February 23, 2013 mcfadyena

Johnson & Johnson's Damage Control

On Wednesday, February 20, Johnson & Johnson (or more specifically, Janssen Pharmaceuticals, who is a company of Johnson & Johnson) told Andrew McFadyen of The Isaac Foundation that they would not fund a clinical trial to explore the effects of a drug they manufacture, Elmiron, on children who live with MPS. You can read my last blog or Melissa Hogan’s blog for more information.
That afternoon Andy began a website to bring public awareness to J&J’s disregard for humanity: http://www.shameonjnj.com/. The website received over 2,000 hits in less than 12 hours. J&J has also been checking in on the website, spending less than 3 seconds per page on our kids’ stories, but instead focussing on the comments and feedback (yours is welcome, J&J is obviously paying attention!). By Friday, February 22, Andy had a response from Janssen/J&J, you can read it here. Andy’s response is here.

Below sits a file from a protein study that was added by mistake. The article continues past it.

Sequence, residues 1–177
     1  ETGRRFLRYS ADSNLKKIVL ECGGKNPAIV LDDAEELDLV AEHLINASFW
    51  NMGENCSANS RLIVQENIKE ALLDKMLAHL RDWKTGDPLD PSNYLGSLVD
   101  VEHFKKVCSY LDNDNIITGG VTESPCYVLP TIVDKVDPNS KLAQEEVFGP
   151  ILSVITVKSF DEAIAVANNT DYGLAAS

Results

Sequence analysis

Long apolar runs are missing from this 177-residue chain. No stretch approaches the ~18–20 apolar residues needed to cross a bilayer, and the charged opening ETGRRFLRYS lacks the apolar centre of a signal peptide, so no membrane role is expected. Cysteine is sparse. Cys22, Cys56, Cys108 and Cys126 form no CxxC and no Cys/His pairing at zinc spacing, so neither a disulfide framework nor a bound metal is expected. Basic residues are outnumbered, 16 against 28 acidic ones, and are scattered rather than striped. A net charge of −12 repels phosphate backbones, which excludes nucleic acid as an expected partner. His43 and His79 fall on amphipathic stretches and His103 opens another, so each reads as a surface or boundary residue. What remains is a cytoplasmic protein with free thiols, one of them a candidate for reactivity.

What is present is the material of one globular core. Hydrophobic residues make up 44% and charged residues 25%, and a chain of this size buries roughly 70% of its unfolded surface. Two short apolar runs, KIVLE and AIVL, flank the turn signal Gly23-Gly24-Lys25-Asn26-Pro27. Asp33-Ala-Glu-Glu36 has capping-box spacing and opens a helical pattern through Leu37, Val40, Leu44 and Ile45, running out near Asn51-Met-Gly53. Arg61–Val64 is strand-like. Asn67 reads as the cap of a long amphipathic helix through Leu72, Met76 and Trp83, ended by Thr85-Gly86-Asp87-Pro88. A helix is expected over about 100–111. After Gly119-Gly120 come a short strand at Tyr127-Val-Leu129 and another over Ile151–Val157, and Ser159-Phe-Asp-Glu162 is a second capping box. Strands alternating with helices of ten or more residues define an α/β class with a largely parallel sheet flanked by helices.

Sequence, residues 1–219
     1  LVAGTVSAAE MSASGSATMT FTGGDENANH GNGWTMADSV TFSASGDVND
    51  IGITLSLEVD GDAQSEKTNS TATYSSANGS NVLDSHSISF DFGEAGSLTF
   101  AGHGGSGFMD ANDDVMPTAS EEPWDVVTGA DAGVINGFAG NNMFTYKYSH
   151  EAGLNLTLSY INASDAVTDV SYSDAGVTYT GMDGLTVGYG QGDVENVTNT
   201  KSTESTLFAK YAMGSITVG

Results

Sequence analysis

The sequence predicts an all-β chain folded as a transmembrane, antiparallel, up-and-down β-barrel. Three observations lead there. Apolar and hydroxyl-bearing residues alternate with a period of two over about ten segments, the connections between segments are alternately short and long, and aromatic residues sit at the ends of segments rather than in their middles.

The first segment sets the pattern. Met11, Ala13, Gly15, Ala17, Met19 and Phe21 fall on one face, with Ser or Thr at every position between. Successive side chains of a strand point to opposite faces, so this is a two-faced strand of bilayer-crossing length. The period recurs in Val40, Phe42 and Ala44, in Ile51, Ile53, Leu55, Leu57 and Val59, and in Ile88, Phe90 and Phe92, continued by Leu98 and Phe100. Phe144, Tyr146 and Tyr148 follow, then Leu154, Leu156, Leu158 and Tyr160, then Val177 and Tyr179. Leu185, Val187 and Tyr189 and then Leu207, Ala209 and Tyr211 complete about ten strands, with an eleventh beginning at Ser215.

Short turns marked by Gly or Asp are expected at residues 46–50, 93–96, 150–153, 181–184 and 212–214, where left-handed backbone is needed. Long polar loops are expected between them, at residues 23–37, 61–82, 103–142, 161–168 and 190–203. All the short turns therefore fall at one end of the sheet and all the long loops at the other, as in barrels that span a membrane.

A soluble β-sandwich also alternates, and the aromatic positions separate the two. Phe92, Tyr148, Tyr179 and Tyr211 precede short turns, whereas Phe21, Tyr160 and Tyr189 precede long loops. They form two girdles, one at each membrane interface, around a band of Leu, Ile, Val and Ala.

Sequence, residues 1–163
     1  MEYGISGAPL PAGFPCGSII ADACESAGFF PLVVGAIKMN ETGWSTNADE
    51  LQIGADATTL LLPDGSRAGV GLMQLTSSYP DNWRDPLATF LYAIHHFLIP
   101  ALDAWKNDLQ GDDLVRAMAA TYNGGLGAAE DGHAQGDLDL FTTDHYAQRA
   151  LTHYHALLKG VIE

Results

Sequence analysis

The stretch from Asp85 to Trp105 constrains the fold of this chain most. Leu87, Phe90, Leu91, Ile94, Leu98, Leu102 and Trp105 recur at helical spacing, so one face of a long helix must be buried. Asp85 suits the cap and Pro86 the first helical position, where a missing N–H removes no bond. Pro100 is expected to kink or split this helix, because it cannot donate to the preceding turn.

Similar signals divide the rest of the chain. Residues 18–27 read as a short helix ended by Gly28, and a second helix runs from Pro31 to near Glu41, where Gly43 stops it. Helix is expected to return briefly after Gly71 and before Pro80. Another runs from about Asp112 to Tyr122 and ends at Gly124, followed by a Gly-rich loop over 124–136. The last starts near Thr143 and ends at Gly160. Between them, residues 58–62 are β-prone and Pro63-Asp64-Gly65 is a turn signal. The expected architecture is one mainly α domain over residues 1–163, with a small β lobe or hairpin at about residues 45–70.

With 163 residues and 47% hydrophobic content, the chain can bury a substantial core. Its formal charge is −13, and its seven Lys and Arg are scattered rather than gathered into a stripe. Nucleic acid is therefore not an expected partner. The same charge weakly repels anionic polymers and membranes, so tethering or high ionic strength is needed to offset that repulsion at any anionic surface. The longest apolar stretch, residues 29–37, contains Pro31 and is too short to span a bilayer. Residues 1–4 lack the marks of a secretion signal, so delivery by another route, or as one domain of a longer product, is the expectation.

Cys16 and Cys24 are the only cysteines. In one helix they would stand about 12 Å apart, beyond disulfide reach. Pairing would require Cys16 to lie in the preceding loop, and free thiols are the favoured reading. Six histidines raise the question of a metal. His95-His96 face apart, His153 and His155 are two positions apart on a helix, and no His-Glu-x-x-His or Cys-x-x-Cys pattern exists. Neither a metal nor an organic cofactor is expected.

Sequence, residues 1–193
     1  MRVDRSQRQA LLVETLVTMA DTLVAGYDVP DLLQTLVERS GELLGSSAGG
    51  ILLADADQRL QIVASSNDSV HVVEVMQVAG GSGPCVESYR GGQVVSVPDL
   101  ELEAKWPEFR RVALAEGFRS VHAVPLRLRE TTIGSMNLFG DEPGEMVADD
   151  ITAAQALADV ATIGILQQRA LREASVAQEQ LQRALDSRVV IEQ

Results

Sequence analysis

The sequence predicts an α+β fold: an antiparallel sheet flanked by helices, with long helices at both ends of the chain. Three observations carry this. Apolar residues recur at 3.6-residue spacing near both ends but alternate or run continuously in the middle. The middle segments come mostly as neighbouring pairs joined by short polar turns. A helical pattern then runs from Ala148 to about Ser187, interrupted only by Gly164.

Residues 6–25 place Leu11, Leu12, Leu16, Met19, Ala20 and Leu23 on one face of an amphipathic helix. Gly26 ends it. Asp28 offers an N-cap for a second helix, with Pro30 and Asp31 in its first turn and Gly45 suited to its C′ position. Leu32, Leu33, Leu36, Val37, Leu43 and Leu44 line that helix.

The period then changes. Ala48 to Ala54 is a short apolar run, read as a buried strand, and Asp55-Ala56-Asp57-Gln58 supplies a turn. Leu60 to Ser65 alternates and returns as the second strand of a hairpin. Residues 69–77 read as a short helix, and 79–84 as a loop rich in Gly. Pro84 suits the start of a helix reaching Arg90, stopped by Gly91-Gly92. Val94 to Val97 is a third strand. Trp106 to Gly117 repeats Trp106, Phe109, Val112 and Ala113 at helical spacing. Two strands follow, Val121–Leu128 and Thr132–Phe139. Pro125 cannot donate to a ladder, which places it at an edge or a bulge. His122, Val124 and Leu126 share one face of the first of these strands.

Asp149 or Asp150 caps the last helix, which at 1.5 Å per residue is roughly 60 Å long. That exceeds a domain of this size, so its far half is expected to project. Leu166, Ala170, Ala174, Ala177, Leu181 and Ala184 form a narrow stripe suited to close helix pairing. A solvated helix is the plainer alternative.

A press release will be issued next week throughout North America. Stay tuned! Rare diseases may have a lot of things working against them, but two things that MPS does have going for it is community and motivation. We are family and we will fight; from Vancouver to Toronto, Chicago to Tennessee, and North Carolina to California.
We are also putting together a document of frequently asked questions, to address questions we’ve received to date.
I cannot express in words my gratitude for your support over time, for our fundraisers, for our family, for MPS. This cause takes time away from everything else you do in life and I want you to know that we recognize that. Although J&J’s responses to date have been incredibly disappointing, my heart is full from all your love and support. Thank you.
Below are some further comments of support:

“When a company that pretends to care for the common good and clearly demonstrates, through their actions, that they only care about profit, they deserve to be boycott!”


“Dear people who care about kids: Johnson and Johnson holds the key to a potentially life-changing drug that could transform the life of one child I know. Please write to them, call them, and ask them to move this drug into a clinical trial!”

“This is where capitalism really fails. Finding ways to help those in need should be of utmost importance to all of us including pharma, regarless of profit.”

“If you ever wonder about how corporate structure affects how we care for the people in our communities, this is an excellent example. Letter writers, start your keyboards!”


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